Mers-el-Kébir (Arabic: المرسى الكبير, “the Great Harbor”) is a port town in northwestern Algeria, located by the Mediterranean Sea near Oran, in the Oran Province.
Originally a Roman port, Mers-el-Kébir became an Almohad naval arsenal in the 1100s, fell under the rulers of Tlemcen in the 1400s, and eventually became a center of pirate activity around 1492. It was occupied variously by the Ottoman Turks, Portuguese and Spanish, with the Spanish capturing it in 1505 under Cardinal Cisneros and holding it until 1792.
The French occupied it in 1830, and rename it Saint André de Mers-el-Kébir, enhancing the port in 1868 with an eponymous lighthouse, the latter was destroyed during World War II.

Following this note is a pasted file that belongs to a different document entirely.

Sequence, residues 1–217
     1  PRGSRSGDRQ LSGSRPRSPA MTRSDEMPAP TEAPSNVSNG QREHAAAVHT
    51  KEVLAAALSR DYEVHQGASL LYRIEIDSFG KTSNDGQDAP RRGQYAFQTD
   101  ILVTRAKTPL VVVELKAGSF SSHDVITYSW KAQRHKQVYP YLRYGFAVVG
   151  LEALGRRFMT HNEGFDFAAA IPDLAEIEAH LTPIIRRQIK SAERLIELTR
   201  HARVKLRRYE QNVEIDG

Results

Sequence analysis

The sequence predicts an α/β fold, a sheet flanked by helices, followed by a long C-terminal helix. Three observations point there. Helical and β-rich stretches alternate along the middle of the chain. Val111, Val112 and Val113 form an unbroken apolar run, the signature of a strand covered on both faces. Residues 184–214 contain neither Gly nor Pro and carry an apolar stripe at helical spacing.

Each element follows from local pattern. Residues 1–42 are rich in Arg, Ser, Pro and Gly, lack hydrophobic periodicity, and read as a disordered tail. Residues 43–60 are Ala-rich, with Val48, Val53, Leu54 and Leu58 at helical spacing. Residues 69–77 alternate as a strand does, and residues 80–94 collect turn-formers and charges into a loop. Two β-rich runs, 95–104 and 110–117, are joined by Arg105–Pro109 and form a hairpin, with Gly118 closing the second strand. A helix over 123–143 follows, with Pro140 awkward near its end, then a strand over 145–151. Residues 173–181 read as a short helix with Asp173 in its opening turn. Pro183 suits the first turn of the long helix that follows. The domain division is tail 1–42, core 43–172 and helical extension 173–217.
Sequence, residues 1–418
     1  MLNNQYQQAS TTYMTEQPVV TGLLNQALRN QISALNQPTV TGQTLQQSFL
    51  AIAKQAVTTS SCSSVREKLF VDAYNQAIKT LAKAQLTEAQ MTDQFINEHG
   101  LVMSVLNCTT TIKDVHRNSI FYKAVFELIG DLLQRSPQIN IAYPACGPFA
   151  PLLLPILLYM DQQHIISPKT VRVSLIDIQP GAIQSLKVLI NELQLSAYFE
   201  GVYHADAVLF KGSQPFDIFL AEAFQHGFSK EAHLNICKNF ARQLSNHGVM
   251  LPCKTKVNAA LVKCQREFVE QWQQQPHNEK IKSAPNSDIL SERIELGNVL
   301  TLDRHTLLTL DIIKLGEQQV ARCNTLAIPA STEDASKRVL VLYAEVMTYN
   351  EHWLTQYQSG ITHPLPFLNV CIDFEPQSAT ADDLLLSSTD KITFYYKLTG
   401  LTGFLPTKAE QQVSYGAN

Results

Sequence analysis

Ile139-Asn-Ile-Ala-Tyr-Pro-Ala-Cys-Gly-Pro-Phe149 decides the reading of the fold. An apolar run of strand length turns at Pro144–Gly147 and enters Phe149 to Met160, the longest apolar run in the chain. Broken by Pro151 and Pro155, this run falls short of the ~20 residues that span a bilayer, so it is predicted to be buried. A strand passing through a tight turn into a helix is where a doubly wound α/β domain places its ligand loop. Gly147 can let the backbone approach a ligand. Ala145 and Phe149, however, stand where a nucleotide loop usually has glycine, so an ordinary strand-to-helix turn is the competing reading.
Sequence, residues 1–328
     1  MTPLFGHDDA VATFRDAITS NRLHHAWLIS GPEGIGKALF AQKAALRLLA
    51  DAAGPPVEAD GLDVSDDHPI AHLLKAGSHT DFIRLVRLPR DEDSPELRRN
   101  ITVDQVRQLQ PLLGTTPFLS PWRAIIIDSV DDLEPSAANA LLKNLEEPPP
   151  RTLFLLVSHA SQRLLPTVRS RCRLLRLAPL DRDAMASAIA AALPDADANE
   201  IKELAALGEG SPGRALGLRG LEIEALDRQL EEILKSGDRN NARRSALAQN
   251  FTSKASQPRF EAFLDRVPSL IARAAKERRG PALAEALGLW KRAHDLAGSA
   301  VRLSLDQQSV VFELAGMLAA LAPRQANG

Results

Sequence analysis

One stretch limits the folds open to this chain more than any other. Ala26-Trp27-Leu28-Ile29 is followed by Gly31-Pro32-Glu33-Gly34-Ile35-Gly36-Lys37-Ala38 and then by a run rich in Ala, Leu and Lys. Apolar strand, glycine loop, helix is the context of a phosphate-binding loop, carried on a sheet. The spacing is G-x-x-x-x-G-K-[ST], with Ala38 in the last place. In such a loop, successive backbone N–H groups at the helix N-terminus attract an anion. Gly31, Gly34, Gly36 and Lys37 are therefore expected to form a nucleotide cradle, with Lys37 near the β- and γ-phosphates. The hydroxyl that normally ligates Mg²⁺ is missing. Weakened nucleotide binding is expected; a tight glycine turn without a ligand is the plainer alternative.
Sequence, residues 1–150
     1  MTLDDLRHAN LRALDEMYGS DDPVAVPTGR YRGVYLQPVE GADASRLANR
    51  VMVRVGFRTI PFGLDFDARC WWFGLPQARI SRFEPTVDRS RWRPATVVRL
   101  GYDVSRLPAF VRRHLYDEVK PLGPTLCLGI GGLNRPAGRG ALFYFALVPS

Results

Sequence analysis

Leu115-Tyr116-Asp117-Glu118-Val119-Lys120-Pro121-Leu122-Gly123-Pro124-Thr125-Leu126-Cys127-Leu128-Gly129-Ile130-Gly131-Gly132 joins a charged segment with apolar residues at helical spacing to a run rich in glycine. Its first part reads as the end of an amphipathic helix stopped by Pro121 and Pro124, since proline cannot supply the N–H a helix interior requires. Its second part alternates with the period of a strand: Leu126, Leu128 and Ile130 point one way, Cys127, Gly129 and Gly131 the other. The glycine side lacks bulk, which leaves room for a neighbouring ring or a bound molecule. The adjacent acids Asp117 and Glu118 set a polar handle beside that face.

Following the German defeat of France in 1940, part of the French fleet holed up in the port. On July 3, 1940, Force H of the British Royal Navy attacked the French fleet at Mers-el-Kébir to stop it falling into German hands.
After World War II, France used its naval base at Mers-el-Kébir to assist in atomic tests. The Évian Accords of March 18, 1962, which recognized Algerian independence, allowed France to maintain its base for 15 years; however, France withdrew within five years.